Every year, around November, the sleepy little township of Pushkar in Rajasthan, India comes alive with a riot of colors and a frenzied burst of activity.
The Occasion: PUSHKAR FAIR.
Very few, if at all any, fairs in the world can match the liveliness of Pushkar. Most people associate the Pushkar Fair with the world's largest camel fair. But it is much more than that.
It is an occasion for villagers from far and near to gather together and enjoy a welcome break from their harsh life of the arid desert. And enjoy they do! In dazzling style and colors.
It is an occasion for Hindu pilgrims to converge for a holy dip in the sacred Pushkar Lake to "wash away the sins of a lifetime" and pay obeisance at the ONLY Brahma temple in the world.
For the visitor, it is an unparalleled and unforgettable experience to capture the vibrancy of the entire state of Rajasthan in one place. This website attempts to give you a glimpse of the magic of Pushkar. Of course, you have to be there to truly understand it.
In the Hindu month of Kartik (around November) each year, a staggering number of camels amble their way across the golden sands of Rajasthan to congregate at Pushkar for the week-long fair devoted to them. Coming in from all directions, their masters astride them, they flick the sand at every step with casuals' ease. The horses that march to this site find the sand-trot an exacting exercise. Numerous cows and sheep all come to the animal fair. Completing the scene are thousands of men, women and children, come with their beasts, suddenly inhabiting the barren plain. Providing a backdrop, the camels in the distance camouflaged, scarcely discernable. The contrast to the blank desert is the riot of Colours - the large gaudy turbans of the native males arriving here to trade their animals or to set up the stalls to cater to the booming captive market, and the loud hues of the pleated ghagaras (ankle-length skirts) of the belles bangled by the armful, bejewelled from head to toe- adding charm and zest to the massive affair. At Mela time, Pushkar is Rajasthan under one roof, a complete exhibition of its culture.
The Trading :
Over the first five days of the fair, camels, horses, cows, goats, and sheep are sold and purchased. There may be protracted negotiations, or sometimes, a quick transaction. Hard bargains are struck, the vendor extolling the long list of virtues of his camel to the prospective buyer.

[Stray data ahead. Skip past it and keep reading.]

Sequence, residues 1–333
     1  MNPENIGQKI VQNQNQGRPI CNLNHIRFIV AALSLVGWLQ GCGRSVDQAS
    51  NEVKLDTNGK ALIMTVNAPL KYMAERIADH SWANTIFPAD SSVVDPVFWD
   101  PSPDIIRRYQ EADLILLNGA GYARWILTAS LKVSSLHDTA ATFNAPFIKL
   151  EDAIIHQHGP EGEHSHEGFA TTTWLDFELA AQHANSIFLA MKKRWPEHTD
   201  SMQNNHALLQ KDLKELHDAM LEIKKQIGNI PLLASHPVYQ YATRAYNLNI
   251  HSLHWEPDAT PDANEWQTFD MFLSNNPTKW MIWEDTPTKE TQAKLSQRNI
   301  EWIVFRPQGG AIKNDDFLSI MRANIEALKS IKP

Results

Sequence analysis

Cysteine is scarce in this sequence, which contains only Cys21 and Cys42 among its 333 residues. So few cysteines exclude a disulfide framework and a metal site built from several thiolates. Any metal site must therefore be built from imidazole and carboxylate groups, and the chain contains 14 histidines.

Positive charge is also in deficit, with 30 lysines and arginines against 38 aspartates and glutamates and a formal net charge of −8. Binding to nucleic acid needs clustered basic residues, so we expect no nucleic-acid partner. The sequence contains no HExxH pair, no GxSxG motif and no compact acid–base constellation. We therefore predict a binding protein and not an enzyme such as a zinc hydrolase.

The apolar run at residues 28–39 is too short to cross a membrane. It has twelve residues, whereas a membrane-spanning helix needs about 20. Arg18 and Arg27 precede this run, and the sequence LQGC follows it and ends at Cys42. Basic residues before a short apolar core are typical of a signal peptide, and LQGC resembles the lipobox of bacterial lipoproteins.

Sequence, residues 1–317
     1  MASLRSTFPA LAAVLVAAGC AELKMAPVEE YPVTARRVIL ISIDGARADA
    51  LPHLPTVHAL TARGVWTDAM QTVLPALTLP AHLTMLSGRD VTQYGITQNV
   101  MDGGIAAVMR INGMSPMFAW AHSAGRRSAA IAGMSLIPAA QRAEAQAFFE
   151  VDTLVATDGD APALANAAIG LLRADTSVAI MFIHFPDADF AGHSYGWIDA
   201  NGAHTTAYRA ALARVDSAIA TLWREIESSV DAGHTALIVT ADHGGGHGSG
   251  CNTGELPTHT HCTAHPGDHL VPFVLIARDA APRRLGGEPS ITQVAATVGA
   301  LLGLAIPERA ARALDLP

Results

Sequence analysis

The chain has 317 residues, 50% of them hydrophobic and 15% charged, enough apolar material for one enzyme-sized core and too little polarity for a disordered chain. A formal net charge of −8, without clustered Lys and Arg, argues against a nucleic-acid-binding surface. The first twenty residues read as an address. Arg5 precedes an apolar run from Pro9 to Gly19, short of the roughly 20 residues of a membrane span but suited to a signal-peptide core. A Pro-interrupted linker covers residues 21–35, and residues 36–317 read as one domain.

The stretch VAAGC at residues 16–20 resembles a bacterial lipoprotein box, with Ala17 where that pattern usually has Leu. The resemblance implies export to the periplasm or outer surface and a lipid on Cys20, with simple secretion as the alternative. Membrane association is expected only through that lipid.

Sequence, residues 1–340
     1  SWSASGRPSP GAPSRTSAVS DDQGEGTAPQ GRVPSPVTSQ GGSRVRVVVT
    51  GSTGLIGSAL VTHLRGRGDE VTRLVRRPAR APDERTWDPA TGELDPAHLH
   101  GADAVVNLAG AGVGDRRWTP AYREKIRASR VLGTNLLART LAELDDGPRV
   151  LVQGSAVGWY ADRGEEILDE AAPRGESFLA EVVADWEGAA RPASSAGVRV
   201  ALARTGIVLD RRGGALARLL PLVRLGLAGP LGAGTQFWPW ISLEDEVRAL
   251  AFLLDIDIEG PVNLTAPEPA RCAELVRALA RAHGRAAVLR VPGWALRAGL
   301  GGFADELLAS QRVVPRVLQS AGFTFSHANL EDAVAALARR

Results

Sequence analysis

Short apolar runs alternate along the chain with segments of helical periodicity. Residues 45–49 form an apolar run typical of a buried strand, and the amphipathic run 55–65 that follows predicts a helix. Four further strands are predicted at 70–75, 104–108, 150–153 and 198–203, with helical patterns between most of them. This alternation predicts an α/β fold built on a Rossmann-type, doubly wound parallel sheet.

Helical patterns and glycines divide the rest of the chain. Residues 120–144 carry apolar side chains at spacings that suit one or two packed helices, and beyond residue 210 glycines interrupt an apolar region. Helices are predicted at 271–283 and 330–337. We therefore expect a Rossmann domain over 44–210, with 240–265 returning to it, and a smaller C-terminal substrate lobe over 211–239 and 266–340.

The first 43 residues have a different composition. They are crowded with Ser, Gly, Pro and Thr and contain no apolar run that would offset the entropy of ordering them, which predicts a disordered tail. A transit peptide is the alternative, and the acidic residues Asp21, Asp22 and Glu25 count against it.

Fashionable Women :
Womenfolk seem to have little interest in the business of animals. They are more attracted to the glittering wares in the stalls under awnings. The large variety of intricate silver ornaments - hairpins and chains, nose rings and neckbands, cummerbunds, anklets, toe rings and the ivory bangles worn from wrist to shoulder - would send any woman on a buying spree. The garments stalls, in no way less colourful, sell high fashion upper garments of patchwork and tie 'n' die. Tattoo stalls give many women beauty marks that last a lifetime. Whoever said that the unsophisticated are not fashionable!
And there are lots n lots of Camels too :
In Rajasthan even the camels are fashion-conscious, and that too to a high degree, for they are soon to be part of a beauty parade! The proud owner of a newly acquired camel promptly goes to the stalls which the women bypassed. At these stalls all the crafts of Rajasthan have been pressed into the service of the camel community. Handmade saddles to fit every hump; long strings of cowries, bes and beads; colourful, woven saddle-straps, and embroidered back-covers to boot. After a shearing and a scrub, the camel is costumed and even perfumed! Surely the Marwari man loves his camel-and his wife!
Fun and frolic :
As the tempo of business goes down, the men folk turn to merriment, for the day of the camel sports is at hand. Camel races are the first event. Usually a lumbering beast of burden, the camel all decorated in finery, imagines itself to be an ostrich, and rushes through the race like one. Then comes the event analogous to musical chairs. Here, as the music stops, the camel is supposed to manage to stick its long arching neck between two poles, each camel owner guiding its entrant by means of a silken cord attached to its nose ring. Vying for the first pace in the beauty contest, splendidly bedecked camels are bought to the ring and paraded to catch the critical eye of keen judges. The gait of the camel, the choice of its equipment and ornament, its capacity to interpret and carry out commands and the variety of pranks it is capable of performing are the criteria of selection. The most thrilling camel event is 'laadoo oonth'. see how much weight the camel can can carry, man after man clamber onto the ridge-like back of the camel, each clutching at the other to retain the collectively precarious position. It is not an uncommon sight to see the human cargo come crashing down as the camel tries to get to its feet! It is not known whether this was the intention of the camel.
The culmination :
Kartik Purnima, the day of ritual oblation , is also the closing day of the world's most colourful festivals. Bathing begins at dawn. There is quite a scramble for getting a place on the bathing ghats. The famed waters of the Pushkar Lake wash away the sins of a lifetime. The mystical water is also believed to cure skin diseases, making Pushkar the Lourdes of the east. After bathing, the devotees line up in long colourful queues to take their turn to worship the Creator, Brahma. Romance touches Pushkar on the full moon night, as tiny leaf boats, each carrying flowers and an oil lamp, are set afloat on the placid lake. Twinkling like thousands of stars, their flickering flames reflected in the water, they wink back at the innumerable stars on the desert sky. The next day dawns for the exodus. Long caravans hump their way along, taking many camels to their new homes. Little does a camel know which master it will serve after the coming Pushkar Mela.